Molded into the RDAB baffle is a waveguide with a 1” Aluminum dome tweeter.  The tweeter is surrounded by a protective wire grill.  The 4” aluminum dome woofer has a heavy rubber surround and is flush-mounted behind the baffle, with no mounting hardware visible or accessible.  It makes for a very clean look with great fit and finish, though if there is a need for repairs, you’ll need to ship them back to RBH as your screwdrivers at home won’t do you any good.

 

RBH MC-4C 1/4" Metal Grill Post

RBH MC-4C 1/4" Metal Grill Post

Many competitors offer flimsy plastic frames and posts on their grills.  The RBH MC-4C speaker grills are cloth over MDF that sit flush with the front of the speakers and feature sturdy, metal posts ¼” thick.   There is no chance these posts are going to break off, or even bend, and if manufacturers are going to use posts over magnetic grills, these metal posts should be the standard and show a continued focus of RBH on fit and finish.  The selection of high-end components continues at the binding posts which are heavy-duty, all-metal 5-ways that are also flush-mounted.  The crossover is a simple 6-component design that uses high-quality components.

RBH MC-4C Crossover

RBH MC-4C Crossover

Inset thread mounting points assure a sturdy connection when wall-mounting or fixing the MC-4C to stands.  The RBH MC-4C are a sealed design so they have a more gradual low frequency roll-off than ported designs and, with no rear-port needing room to breathe, can be mounted as close as possible on a wall.  That said, the crossover frequency between the speakers and the sub will still need to be fairly high.  To be safe when picking a matching sub, look for one like the RBH S-12 that is flat up to 150 Hz.  The crossover choices provided by my AVR were 120, 160, and 200Hz.  I found a crossover frequency of 160 provided the most seamless blend to my subwoofer.  You might also consider purchasing two small subs, placing them in close proximity to the left and right speakers, and running them in stereo.  This would give you full-frequency range response in a compact package while accommodating a higher crossover point, smoothing out low frequency response, and giving you the best stereo separation at high-bass frequencies.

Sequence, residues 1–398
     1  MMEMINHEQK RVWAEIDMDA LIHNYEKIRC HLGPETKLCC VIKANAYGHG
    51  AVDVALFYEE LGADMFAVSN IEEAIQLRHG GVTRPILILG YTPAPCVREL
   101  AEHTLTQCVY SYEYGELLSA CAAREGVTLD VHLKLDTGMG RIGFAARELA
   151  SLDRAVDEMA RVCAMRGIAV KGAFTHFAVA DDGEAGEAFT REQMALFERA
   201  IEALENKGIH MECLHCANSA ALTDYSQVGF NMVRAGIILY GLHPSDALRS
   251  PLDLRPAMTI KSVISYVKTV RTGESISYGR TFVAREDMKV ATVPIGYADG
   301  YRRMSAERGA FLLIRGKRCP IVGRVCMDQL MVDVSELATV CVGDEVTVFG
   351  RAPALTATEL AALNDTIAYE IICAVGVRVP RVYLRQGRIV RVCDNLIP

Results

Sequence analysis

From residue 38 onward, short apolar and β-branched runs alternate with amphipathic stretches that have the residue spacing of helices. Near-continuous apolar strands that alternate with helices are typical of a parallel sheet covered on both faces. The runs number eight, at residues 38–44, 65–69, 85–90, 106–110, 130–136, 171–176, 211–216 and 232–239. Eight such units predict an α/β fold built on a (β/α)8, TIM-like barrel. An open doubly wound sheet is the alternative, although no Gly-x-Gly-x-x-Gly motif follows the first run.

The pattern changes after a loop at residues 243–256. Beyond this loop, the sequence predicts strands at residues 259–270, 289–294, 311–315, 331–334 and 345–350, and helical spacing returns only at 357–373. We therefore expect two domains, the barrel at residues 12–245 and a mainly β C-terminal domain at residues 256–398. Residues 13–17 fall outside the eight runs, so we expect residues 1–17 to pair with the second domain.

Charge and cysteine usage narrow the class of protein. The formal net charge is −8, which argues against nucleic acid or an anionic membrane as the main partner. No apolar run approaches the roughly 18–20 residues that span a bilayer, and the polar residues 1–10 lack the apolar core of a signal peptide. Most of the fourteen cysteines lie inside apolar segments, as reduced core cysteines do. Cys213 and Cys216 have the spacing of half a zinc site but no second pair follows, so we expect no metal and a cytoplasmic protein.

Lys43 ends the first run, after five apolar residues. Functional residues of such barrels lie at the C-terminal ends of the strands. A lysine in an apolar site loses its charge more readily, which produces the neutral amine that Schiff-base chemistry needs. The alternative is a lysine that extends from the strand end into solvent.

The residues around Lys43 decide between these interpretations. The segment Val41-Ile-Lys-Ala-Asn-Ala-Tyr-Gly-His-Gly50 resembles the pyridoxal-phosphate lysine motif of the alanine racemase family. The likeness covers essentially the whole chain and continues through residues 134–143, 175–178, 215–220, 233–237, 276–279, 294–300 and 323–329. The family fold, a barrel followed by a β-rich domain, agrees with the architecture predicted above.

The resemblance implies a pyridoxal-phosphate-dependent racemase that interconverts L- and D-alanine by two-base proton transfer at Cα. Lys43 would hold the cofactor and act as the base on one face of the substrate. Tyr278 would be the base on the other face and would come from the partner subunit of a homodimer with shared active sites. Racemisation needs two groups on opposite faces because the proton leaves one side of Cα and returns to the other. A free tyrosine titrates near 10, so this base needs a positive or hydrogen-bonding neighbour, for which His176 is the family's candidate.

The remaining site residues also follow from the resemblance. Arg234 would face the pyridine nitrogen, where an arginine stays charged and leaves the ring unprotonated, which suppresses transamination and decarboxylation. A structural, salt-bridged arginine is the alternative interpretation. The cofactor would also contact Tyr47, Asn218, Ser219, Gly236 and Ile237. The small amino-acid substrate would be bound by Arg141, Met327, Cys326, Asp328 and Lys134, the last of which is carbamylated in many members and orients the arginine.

RBH MC-4C Sound Quality Tests

I powered the RBH MC-4C with the Yamaha RX-A2040, a new, high-end AVR. They were connected with 12-gauge, Blue Jeans speaker cable. The mains were perched atop 24” of cinder-block and all channels were used with Auralex Mo-Pad isolation pads and aimed at ear level. When used with an SVS PB12-NSD subwoofer, the MC-4C Studio HD were crossed over at 160Hz as recommended by the Yamaha YPAO setup. In surround, 3 RBH MC-4C were used for the fronts, with JBL Control One as rear channels. No auto-EQ was used. The room is lightly-treated, 13x14’ with a vaulted 9-14’ ceiling, and has lots of openings to the rest of the house.

Music